RangeMe’s Product Approval team will review your product(s) within 24-48 hours to make sure it meets their basic requirements. HSN buyers won’t see your product until it gets approved.

If your product doesn’t get approved, you’ll get an email explaining why and what to do next.

Common reasons a product won’t get approved:

  • Unacceptable product image (dark, low-quality, etc.)
  • Unrealistic pricing
  • Descriptions not in English
  • Listed in the wrong category

Once your product is approved, it automatically becomes visible to HSN/QVC buyers.

For 28 days, your profile will only be visible to HSN/QVC. After that period, you’ll be discoverable to other retailers on RangeMe.

So… I submitted my application. Now what?

Now you wait.

Ideally, you’ll hear from an interested buyer (via RangeMe, phone, or email) within 30 days. But due to the high volume of submissions, you’re not guaranteed to receive a response.

If a buyer does contact you, the next step is to discuss your product further. That might mean setting up a phone call or virtual meeting. The buyer may also request a sample of your product.

(Note: Starting June 27, 2023 and running until September 2023, HSN is holding a special Product Search Event in addition to the normal Product Pitch Program. The Product Search Event also takes place on RangeMe. They’re looking for products that could be the next HSN Customer Favorite. To qualify, a product must be making its debut on HSN, and must be entirely exclusive to the HSN network. If your product is chosen, you’ll be invited to pitch the week of September 12, 2023. You can read more about this event on RangeMe.)

How to pitch a product to HSN

You did it: you got a buyer on the line. However, this is only the beginning.

In a 2015 interview, celebrity chef Eduardo Garcia of Montana Mex hot sauce said: “It took us 16 months to get on air, and that wasn’t even a long time.”

You can expect the standard pitching and testing process to take over a year. It’ll take longer if your product isn’t ready to be manufactured and shipped in certain quantities, or if there’s any issues or delays during the product evaluation process.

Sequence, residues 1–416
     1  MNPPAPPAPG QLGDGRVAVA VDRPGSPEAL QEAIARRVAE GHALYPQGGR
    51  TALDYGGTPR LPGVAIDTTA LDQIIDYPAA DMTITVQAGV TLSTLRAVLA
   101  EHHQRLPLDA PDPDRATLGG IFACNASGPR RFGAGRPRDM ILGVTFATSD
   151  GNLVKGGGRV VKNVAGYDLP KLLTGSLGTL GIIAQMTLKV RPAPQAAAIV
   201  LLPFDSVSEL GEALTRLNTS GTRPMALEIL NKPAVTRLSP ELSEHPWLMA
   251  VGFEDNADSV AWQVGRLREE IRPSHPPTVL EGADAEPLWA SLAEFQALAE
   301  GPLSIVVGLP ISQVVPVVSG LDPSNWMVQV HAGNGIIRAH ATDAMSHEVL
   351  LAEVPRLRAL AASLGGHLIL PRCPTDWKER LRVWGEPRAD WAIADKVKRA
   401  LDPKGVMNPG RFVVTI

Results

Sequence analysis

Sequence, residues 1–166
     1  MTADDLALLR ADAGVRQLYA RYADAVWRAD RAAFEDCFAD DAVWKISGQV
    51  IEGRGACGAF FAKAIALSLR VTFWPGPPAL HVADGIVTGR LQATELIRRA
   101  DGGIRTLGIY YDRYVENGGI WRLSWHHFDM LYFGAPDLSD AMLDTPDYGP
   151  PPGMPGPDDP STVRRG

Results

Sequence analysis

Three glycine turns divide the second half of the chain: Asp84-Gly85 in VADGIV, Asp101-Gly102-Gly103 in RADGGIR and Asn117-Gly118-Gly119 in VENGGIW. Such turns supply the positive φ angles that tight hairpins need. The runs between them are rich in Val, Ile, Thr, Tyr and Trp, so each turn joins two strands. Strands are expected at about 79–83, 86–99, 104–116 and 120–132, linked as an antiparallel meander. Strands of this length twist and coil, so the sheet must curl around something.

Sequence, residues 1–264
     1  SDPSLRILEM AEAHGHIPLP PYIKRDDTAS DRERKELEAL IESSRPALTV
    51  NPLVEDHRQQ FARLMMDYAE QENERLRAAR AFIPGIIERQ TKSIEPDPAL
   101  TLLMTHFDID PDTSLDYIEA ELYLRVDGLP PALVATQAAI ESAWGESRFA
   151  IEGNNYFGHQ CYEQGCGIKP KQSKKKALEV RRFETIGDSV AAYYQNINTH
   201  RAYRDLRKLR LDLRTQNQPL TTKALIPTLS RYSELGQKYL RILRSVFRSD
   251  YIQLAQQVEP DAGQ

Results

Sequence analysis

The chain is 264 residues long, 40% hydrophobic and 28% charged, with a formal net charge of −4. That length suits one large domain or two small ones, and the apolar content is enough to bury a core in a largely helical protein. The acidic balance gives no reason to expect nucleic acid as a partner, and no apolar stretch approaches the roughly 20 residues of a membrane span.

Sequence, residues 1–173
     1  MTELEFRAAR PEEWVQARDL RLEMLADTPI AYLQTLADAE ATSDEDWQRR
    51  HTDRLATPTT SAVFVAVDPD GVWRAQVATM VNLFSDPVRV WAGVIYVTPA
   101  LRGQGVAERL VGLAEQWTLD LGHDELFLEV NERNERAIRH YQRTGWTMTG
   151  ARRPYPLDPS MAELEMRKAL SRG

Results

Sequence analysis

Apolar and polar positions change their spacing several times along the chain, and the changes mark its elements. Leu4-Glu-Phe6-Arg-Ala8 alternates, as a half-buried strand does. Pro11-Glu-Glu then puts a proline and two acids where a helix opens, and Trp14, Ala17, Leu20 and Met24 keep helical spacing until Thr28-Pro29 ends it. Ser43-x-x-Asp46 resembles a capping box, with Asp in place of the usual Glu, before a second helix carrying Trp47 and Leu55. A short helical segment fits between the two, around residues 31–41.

Let’s not worry about that yet. First, we’ve got to nail the pitch.

Top tips for pitching to Home Shopping Network

1. Tell a compelling story

So, the end goal of your pitch is that HSN wants to put you/your product on TV. What do people watch TV for? A story. Yes, even when it’s an unscripted show where hosts are selling products.

No matter how unique or useful your product is, the thing that will truly make viewers stop what they’re doing, pay attention, and pick up the phone to place an order is a compelling story.

It’s TV: it’s about the spectacle. The character. The against-all-odds. People watching HSN want to connect to the person on-screen. (Or the story a host is telling about your product.) They want to relate to you. They want to understand you, understand the problem you’re trying to solve, and why you care about solving it. And they want to be entertained.

When you get that first meeting with an HSN buyer, you want to make sure your story shines. You want them to think: “Oh, we need to get this person on TV.”

Here’s some questions that can help jumpstart your storytelling:

  • Who are you? Where do you come from? What’s your backstory?
  • What’s the origin story of your business?
  • What did you overcome to get where you are?
  • What prompted the idea for your product?
  • What roadblocks did you face when creating your product? How did you overcome them?